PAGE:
“Estrogen dominance” is not a term typically used by the research or professional medical community. If the condition were described to them, however, they would be able to identify it. It is a real and common thing for women to have excessive estrogen levels. It just so happens that the natural health community is deliberate about addressing it.
The basic problem of estrogen dominance is that estrogen levels are too high relative to other hormones, specifically progesterone. Usually it occurs when estrogen levels go too high, though it can also happen when progesterone levels fall too low. It can occur at any time during life — during reproductive years, perimenopause, or even menopause.
It can also be coming from a wide variety of sources within a woman’s diet and lifestyle. This makes estrogen dominance a bit of a complex nut to crack. But a holistic approach to health (you can read my recommendations for women’s health in my best-seller, here) should at least get everyone on the right track, and provide a proper learning environment in which you can figure out precisely where your dysregulation is coming from.
Estrogen dominance: symptoms
Estrogen dominance can cause a wide variety of symptoms, as well as increase the risk for a wide variety of diseases and conditions. Symtpoms associated with estrogen dominance include:
High emotional sensitivity
Conditions that appear to be more common in women with estrogen dominance and that may in fact explicitly develop as a result of estrogen dominance include:
Hypothyroidism (estrogen is antagonistic to thyroid hormone)
These aren’t problems we can just shrug off of our shoulders. In many ways, we can reasonably view estrogen dominance as contributing to the deaths of thousands of women every year.
Estrogen Dominance: Causes
The causes of estrogen dominance are wide and varied, but largely have to do with metabolic dysregulation and organ malfunction. Some dietary factors may also offset the balance.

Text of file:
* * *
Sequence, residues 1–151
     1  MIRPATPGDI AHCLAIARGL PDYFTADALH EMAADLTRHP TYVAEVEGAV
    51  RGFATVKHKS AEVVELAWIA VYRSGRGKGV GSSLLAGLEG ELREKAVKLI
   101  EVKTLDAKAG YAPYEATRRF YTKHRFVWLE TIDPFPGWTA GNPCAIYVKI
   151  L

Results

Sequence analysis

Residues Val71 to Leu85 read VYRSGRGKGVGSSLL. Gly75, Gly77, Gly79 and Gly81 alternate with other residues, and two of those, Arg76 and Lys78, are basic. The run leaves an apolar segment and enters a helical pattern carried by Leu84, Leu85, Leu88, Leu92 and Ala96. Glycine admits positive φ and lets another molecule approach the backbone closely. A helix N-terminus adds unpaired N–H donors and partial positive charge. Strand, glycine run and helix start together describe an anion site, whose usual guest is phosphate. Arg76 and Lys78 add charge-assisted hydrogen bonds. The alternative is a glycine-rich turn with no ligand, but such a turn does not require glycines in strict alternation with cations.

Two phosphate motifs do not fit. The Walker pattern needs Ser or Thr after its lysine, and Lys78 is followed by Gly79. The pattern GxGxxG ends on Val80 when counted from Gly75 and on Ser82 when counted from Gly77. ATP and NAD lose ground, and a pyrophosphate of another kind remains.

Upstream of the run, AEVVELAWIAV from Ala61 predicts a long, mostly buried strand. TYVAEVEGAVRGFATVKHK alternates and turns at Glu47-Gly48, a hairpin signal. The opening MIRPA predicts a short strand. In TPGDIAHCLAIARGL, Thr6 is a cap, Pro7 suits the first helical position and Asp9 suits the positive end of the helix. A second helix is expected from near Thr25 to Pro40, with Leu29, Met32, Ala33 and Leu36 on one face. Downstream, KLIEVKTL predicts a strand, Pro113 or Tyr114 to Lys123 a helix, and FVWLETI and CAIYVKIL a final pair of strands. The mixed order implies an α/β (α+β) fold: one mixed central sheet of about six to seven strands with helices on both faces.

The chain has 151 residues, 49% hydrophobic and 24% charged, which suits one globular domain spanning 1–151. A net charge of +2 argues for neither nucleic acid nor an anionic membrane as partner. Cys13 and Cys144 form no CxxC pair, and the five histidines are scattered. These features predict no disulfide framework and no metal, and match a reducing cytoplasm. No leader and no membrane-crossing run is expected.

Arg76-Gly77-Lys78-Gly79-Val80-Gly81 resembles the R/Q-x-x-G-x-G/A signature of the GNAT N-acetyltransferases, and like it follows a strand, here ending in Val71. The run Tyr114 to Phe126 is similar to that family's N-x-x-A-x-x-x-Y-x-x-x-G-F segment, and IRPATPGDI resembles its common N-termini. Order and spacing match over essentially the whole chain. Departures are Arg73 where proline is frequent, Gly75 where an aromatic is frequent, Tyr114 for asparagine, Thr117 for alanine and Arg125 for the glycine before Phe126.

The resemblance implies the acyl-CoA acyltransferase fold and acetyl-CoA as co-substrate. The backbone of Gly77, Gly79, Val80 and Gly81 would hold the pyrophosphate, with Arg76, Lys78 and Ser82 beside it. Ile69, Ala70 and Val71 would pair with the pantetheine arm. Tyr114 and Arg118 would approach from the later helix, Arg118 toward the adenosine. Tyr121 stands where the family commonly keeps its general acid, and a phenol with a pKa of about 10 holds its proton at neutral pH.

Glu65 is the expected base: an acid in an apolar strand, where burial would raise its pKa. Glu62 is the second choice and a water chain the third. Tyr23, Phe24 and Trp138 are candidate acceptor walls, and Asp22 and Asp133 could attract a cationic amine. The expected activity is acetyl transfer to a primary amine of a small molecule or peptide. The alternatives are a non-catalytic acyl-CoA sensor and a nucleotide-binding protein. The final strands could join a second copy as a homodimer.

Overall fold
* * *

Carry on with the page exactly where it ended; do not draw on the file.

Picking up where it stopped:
1) Being overweight:
Fat cells perform a function called “aromatization” which converts testosterone to estrogen. The more body fat, the more the body tips the balance towards estrogen and away from testosterone.
Now, this does not mean testosterone levels are necessarily low in overweight women. To the contrary: testosterone levels tend to be high in overweight women. This is not always the case but is quite common: it’s because testosterone production is stimulated by insulin, and many overweight women have some degree of insulin resistance.
Woman predisposed to insulin insensitivity often experience increases in both testosterone and estrogen levels. Progesterone receives no bump from weight gain, however: progesterone thus remains incapable of offsetting the estrogen increases associated with higher body fat percentages in overweight women. (To learn how to lose weight in a way that is healthy, sustainable, and hormone supporting, check out this resource)
2) Overburdening the liver
The liver is responsible for clearing the body of “old” hormones, especially estrogen. If the liver is overburdened with a hyper-caloric diet, with high volumes of sugar, with high volumes of alcohol, or with high volumes of processing chemicals, then, it becomes sluggish in it’s ability to process everything. When the liver slows down, estrogen ends up becoming back-logged in a way, and wreaks havoc on the reproductive system as it waits for the liver to heal and to catch up in its bloodstream clearing capacity.
This effect is interestingly even more pronounced in men than it is in women, and it accounts largely for the development of breast-like fat deposits in heavy drinkers. Being overweight and being stressed may also contribute to this process in men.